We all have beliefs that collectively define who we are and how we lead our lives. Belief in an idea, an opinion, a way of life. But not all beliefs help us move ahead in life. Some stop us from succeeding. So let’s recognize these beliefs for what they are — myths — and get rid of them as soon as possible. Here are 7 of them you need to throw away right now.

1. Only extroverts can make good leaders.

What’s common between Bill Gates, Hilary Clinton, Mark Zuckerberg and Warren Buffet? They all are introverts and excellent leaders. Leadership is not about how much you talk or how outgoing you are, but about what you can offer.

2. Men are better leaders.

Remember Oprah Winfrey? She is one of the most influential women on earth. Books that she recommends to her fans, for instance, end up becoming bestsellers. And she’s not the only. Think Beyonce, Kiran Mazumdar Shaw, Aung San Suu Kyi — women make for extraordinary leaders.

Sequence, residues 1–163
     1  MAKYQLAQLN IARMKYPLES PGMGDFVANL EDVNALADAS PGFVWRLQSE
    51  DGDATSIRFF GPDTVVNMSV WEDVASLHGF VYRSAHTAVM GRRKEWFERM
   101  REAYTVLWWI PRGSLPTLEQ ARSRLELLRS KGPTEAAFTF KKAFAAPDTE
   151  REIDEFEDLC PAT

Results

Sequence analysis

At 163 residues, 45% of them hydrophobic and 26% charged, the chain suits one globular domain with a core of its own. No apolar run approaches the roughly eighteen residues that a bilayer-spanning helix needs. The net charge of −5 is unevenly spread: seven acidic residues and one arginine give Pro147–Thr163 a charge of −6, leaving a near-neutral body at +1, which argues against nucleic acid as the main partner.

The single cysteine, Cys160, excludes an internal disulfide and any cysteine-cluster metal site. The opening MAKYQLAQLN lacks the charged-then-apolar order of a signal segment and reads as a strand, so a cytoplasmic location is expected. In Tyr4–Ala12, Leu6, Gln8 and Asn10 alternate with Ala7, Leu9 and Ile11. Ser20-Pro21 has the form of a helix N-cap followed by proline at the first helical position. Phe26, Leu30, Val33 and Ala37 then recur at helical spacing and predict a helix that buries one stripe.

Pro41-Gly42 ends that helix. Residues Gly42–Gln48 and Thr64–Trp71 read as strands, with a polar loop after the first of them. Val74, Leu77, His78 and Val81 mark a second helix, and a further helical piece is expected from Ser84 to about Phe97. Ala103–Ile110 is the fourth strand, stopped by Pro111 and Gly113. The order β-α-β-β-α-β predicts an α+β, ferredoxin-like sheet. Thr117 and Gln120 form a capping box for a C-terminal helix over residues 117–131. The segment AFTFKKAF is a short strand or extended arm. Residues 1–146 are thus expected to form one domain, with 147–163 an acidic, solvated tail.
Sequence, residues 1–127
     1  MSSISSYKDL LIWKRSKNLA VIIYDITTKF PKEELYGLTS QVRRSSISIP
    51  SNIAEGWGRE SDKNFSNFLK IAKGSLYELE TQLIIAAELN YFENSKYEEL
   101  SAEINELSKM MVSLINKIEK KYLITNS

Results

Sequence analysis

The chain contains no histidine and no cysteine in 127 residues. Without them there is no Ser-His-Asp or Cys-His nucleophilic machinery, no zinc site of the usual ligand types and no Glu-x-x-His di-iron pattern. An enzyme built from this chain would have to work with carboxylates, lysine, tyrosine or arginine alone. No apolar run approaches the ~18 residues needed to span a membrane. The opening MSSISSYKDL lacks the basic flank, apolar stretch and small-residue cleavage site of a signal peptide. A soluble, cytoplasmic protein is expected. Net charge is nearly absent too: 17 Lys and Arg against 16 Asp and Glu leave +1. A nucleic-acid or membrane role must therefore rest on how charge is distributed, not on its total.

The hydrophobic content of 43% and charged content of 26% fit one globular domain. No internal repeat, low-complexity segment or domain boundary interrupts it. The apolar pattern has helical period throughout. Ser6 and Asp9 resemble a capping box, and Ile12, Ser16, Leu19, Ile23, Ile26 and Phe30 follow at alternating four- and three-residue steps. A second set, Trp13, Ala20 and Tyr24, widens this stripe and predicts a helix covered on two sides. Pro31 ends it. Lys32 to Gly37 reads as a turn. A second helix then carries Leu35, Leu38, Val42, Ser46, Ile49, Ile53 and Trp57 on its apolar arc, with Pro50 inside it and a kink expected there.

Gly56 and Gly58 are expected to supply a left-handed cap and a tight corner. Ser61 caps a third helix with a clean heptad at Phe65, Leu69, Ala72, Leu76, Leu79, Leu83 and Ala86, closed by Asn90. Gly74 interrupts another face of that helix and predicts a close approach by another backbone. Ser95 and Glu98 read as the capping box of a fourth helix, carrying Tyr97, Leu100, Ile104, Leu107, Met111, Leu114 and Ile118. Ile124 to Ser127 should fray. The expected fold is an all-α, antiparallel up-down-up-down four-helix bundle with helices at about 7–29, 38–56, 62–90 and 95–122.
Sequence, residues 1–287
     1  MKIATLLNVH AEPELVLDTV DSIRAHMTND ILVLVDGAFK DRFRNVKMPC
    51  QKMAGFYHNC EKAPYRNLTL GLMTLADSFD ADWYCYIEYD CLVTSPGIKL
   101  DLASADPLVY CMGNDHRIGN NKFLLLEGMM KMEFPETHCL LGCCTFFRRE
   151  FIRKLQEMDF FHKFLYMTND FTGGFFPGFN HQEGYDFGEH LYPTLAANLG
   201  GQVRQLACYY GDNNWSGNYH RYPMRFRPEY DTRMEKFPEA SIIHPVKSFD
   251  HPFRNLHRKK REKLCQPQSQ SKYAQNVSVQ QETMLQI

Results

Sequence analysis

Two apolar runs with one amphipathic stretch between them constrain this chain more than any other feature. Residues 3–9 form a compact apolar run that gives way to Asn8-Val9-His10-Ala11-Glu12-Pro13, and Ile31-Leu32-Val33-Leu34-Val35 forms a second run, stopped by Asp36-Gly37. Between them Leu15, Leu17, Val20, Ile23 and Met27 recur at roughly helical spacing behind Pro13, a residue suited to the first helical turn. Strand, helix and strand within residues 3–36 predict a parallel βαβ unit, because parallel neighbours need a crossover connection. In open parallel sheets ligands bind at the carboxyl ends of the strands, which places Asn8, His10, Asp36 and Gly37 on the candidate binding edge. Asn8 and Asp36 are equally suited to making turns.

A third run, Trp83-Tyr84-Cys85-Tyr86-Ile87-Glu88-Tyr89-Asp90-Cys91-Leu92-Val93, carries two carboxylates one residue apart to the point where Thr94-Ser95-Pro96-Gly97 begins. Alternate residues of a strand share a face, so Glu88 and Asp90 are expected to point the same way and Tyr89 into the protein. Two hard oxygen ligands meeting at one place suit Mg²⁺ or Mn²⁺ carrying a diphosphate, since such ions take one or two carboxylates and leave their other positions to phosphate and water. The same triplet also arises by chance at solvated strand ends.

3. Leaders are born, not made.

Leadership is a skill, like carpentry. Some people learn it naturally, others train themselves in it. Truth is, anyone can become a great leader. The only requirement is for you to learn how to be one.

4. Great leaders are not emotional.

Believe it or not, emotions drive people to become great leaders. Steve Jobs became a great leader because he was passionate — passion is a powerful emotion. Find the emotion that drives you, put it to work and you too can become a great leader.

5. Leaders have all the answers.

Nobody has all the answers. Not even the US President or the brilliant Harvard University professor. Leaders are human beings that have learned how to manage people and encourage them. What they do, however, have are better questions.

Image source: UMS New School

6. Leaders work smart, not hard.

Smart work and hard work go hand in hand. You have to work hard to be smart. There’s no doubt about the fact that great leaders are smart, but their smartness came from long hours of hard work, not luck or chance.

7. You need a title to be a leader.

Leadership is possible without a title. So many volunteers around the world help raise funds, manage resources, and care for the needy in times of distress. They’re not called leaders, but they’re leaders without a title.